Talking Drums

The West African News Magazine

Are we better off today? That is the question

Anis Haffar

In the process of rapid changes of governments in Ghana by means of guns instead of the ballot box, the country, according to this writer, has suffered a crippling damage which continues to haunt all its efforts of rehabilitation. So he asks the obvious question: are we better off today after all these years?
During the Limann administration when Professor George Benneh -- then Ghana's minister of economic planning introduced his budget proposals, the assembly found the programme lacking in substance and rejected them. The West Africa called the budget "no big deal for Ghana's economy". Also in the article, "The Ghana cedi: quality is the key," (Africa Now, Dec 81) I wrote:

"The vehicle for Ghana's economic progress will not move until the President finds a key to a cedi of value, money Ghanaians can trust, a durable unit of account for making future plans, an anchor of stability, a cedi that is literally as good as gold.

Those days the official rate remained $1 to 2.75. The floating market rate was $1 to C40. Things seemed pretty bad, and Professor Benneh himself appeared and sounded confused at times. Still the economic minister had a lot going for him: he had the mandate of the people and the respect that came with it. Moreover the opposition did not overthrow his government, neither was the state apparatus ruined. Alternative economic measures were discussed and new proposals were offered by the representatives. Benneh must have considered the feedback for his second try at the economic programme. Those were the days, my friends; and that was progress in action.

Today we have the few, the know-it-all, the emotionally involved who preferred to go unopposed professing the wisdom of Solomon. The results of such actions are there, clear for all to see: both the official and free market rates of the cedi have sunk out of control. Even the experts have lost count. The recent devaluation has been widely guessed to be 99% or 990%. Does it make any difference which one? We are being asked this question in more ways than one.

I did not cite this as a mere observer looking in a dispassionate fashion at interesting differences in human character. But the fact of tyranny and military dictatorship which we witness today affected the citizens of my country including our mothers and fathers, grandparents, and the children too.

Looking at institutions and processes of government, interconnection between law and practice, norm and behaviour, the measure of success will not be whether one leader was better than the other, not that one party was better than another, but the effectiveness and stability under which the nation was run. This would be called freedom. Further, it is a birthright and a duty to be free.

For all out contemporary intents and purposes, we are almost struggling for a new kind of self determination: this time from elements of negative government. Osagyefo's famous words may now read: seek ye first the national stability and everything else shall be added unto you.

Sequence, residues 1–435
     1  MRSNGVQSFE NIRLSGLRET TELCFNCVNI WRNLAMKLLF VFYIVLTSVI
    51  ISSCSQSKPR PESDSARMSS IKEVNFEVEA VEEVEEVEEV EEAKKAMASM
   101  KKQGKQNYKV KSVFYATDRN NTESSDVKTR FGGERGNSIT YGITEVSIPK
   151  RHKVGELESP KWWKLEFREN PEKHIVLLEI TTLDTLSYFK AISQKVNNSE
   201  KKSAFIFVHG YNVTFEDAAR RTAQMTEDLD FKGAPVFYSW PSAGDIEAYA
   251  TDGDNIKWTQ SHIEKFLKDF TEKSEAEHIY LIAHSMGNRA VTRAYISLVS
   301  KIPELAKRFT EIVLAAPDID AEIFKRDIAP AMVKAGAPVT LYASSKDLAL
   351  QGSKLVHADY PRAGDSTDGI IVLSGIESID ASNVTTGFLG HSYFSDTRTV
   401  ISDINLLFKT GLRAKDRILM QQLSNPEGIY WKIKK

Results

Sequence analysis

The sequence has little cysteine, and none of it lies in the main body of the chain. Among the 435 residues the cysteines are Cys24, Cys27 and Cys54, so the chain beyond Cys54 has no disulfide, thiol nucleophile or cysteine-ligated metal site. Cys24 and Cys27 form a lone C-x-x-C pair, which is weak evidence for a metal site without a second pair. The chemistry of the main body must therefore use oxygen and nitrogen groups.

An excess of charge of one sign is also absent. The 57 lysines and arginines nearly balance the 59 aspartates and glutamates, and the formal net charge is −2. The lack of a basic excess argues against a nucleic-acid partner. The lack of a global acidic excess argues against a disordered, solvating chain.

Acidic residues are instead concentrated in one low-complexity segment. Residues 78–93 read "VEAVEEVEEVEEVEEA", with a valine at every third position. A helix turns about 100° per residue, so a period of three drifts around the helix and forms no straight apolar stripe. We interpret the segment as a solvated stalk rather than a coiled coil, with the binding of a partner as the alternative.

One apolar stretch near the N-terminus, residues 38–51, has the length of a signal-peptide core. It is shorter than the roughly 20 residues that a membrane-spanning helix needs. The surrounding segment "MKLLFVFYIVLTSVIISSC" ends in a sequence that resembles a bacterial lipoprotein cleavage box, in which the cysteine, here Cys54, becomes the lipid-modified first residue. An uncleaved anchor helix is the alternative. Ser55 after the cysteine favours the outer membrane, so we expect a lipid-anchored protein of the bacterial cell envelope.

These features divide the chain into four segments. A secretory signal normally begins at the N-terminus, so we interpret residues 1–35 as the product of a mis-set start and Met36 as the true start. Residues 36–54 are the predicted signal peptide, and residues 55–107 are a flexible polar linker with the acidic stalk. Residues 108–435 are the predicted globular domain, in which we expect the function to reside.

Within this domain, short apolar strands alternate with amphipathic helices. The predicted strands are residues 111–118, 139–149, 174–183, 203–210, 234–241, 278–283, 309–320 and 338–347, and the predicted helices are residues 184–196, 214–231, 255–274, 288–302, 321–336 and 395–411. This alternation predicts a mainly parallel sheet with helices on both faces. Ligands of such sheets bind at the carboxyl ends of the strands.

The People's National Defence Council (PNDC), the Workers' Def ence Committee, the supreme military's new improved council: what ever may be the headings used or the new formulas introduced, not since the matemeho/CPP era - when simple folk beat each other up, and murdered when they could - has there been such escalated violence in Ghana's history. No phraseology can substitute for the reality.

To tell the truth, the rate of executions could increase. Just think about it: what will stop any person, concerned and emotionally involved from picking up arms and shooting their way through the broadcasting house, and spilling blood along the way? Believe it or not, these are the standards being set out today - the atheists' method of salvation.

People are talking about "getting even" not only in Ghana but in Nigeria and other parts of West Africa as well. It didn't have to come to this, not in the least. In the last resort, we all want the same things.

If we wish to describe the phenomenon precisely, what we are witnessing is nothing short of the replacement of certain species of men by another set who become privileged actors with the grandiose glare of cheap floodlights thrust upon them. But beyond the seemingly tough military stance of control, they have in fact hidden their personal and intellectual defects behind some fabricated quasi-civilian facade. It has become that way.

The naked truth evokes for us the blasting of bullets which come from such plays. We are witnessing our societies being turned upside down. Had Frantz Fanon been alive today, he would not hesitate to identify the colonial soldier, instituted to go between, "come of age" to perpetuate the rule of imperial suppression. Fanon could thus state seriously:

"the colonial soldier(s), by their immediate presence and their frequent and direct action maintain contact... by means of rifle butts with the clear conscience of an upholder of the peace; yet he is the bringer of violence into the home."

This discovery need shake our world in a necessary way. The soldiers of old had their rightful place in society. They protected the stool. They did not deface it.

talking drums 1984-05-28 Cameroon executions - Buhari - Ghana's PDC-WDCs